This opossum was outside of my chicken's house. There was a cracker in the cage that it got trapped in.
Found on Arizona Scenic Highway 83 in the northbound lane, near milepost 53. Adult female. We also found the presence of hairless babies (pregnant?). Photographed by SIA volunteer Charlotte Cook.
Comment on the ID: In the Madrean Sky Islands and Sonora, Mexico this opossum is called tlacuache, or Mexican brown-nosed opossum, and I believe it is classified as Didelphis virginiana, subspecies californica. Evidence of these opossum expanding further north into Arizona have been documented. Anyone know more about the genetics of these?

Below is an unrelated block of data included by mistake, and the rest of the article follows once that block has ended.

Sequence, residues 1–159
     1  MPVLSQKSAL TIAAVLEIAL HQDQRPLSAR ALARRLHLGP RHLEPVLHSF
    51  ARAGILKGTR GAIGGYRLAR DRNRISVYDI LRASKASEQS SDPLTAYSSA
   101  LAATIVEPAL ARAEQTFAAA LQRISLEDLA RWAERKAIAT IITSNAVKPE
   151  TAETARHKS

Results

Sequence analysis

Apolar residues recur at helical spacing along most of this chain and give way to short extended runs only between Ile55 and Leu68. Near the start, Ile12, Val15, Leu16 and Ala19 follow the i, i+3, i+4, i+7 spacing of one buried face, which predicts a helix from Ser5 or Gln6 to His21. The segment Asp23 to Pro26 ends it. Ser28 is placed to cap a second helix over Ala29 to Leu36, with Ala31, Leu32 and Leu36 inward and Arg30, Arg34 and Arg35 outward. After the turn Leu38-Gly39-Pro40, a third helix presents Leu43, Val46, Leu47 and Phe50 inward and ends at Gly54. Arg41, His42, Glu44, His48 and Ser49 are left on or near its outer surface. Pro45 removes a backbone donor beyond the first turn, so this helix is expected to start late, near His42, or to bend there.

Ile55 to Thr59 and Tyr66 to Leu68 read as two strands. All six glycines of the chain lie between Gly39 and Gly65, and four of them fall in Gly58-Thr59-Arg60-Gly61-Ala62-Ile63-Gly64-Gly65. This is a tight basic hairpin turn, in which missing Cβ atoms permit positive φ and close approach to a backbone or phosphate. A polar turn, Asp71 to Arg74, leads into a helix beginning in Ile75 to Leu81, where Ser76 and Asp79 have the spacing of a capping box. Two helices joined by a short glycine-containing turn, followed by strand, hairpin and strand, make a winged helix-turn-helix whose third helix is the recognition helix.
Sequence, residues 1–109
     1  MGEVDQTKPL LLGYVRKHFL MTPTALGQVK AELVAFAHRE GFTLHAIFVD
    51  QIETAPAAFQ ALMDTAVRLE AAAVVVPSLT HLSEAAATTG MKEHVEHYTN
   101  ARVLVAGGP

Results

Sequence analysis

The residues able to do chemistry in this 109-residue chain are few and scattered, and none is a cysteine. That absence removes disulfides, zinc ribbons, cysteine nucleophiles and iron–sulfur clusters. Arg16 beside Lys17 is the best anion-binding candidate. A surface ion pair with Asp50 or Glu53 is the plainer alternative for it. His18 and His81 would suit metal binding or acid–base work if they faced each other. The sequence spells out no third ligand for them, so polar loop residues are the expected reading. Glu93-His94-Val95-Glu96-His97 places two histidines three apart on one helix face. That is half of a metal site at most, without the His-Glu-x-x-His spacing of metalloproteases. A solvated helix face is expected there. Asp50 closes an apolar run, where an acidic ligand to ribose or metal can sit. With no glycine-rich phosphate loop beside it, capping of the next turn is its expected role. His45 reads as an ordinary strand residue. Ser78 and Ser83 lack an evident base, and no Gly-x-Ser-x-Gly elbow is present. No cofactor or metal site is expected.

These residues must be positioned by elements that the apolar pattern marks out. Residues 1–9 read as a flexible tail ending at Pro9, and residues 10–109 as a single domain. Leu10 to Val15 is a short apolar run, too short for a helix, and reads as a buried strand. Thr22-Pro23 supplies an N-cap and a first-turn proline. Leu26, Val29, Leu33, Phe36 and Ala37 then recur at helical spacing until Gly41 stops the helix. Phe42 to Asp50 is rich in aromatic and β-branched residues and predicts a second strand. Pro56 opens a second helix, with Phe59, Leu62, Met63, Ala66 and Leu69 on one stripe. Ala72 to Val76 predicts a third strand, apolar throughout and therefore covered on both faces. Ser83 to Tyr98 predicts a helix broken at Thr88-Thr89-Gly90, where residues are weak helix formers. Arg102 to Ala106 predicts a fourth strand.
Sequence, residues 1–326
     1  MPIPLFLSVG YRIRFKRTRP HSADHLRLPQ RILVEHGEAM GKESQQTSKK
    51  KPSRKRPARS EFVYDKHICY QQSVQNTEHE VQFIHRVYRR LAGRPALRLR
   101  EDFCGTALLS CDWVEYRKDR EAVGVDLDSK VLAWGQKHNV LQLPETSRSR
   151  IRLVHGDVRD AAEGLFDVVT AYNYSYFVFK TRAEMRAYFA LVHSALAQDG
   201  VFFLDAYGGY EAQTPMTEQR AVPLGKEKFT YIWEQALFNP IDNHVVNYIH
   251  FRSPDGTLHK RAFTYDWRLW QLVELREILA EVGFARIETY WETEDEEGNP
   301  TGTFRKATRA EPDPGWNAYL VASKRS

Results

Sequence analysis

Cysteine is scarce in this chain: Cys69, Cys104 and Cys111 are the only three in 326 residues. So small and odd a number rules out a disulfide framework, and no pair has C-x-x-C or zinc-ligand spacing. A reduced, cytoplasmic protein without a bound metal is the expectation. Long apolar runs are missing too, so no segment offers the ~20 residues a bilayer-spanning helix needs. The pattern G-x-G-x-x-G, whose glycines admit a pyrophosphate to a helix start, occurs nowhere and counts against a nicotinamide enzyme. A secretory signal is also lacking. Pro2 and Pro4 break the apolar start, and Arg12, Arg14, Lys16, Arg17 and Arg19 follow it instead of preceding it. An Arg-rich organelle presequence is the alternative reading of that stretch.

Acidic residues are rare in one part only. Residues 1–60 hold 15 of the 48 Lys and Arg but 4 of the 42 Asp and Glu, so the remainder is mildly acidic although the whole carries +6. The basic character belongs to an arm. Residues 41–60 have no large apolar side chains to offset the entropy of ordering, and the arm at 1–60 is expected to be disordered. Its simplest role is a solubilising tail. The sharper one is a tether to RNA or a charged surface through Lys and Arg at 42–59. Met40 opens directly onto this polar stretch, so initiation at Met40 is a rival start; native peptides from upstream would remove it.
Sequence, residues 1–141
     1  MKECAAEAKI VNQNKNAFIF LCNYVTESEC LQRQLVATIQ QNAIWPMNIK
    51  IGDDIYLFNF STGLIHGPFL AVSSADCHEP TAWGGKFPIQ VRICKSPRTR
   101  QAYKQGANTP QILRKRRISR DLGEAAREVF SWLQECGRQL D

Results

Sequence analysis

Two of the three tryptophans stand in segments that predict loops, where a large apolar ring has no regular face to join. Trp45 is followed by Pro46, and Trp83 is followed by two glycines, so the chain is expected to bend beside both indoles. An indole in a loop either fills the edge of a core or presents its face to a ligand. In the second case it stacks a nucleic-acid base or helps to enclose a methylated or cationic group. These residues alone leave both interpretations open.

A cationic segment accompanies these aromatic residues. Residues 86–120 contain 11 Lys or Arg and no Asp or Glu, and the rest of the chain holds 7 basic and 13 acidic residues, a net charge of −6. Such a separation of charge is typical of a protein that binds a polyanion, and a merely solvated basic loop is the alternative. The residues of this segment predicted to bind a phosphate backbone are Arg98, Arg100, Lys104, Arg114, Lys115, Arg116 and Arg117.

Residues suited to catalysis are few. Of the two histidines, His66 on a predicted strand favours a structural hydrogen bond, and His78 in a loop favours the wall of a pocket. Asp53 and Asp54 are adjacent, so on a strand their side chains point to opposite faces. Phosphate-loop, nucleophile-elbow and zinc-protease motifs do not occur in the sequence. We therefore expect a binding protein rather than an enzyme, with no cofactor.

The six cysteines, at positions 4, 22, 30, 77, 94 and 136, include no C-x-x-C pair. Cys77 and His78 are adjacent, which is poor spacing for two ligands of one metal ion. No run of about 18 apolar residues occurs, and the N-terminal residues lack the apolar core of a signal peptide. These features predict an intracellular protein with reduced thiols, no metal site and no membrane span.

Opossums (colloquially possums) (Didelphimorphia, /daɪˌdɛlfɨˈmɔrfiə/) make up the largest order of marsupials in the Western Hemisphere, including 103 or more species in 19 genera. They are also commonly called possums, though that term technically refers to Australian fauna of the suborder Phalangeriformes. The Virginia opossum was the first animal to be named an opossum; usage of the name was published in 1610. The word opossum was borrowed from the Virginia Algonquian (Powhatan) language in the form...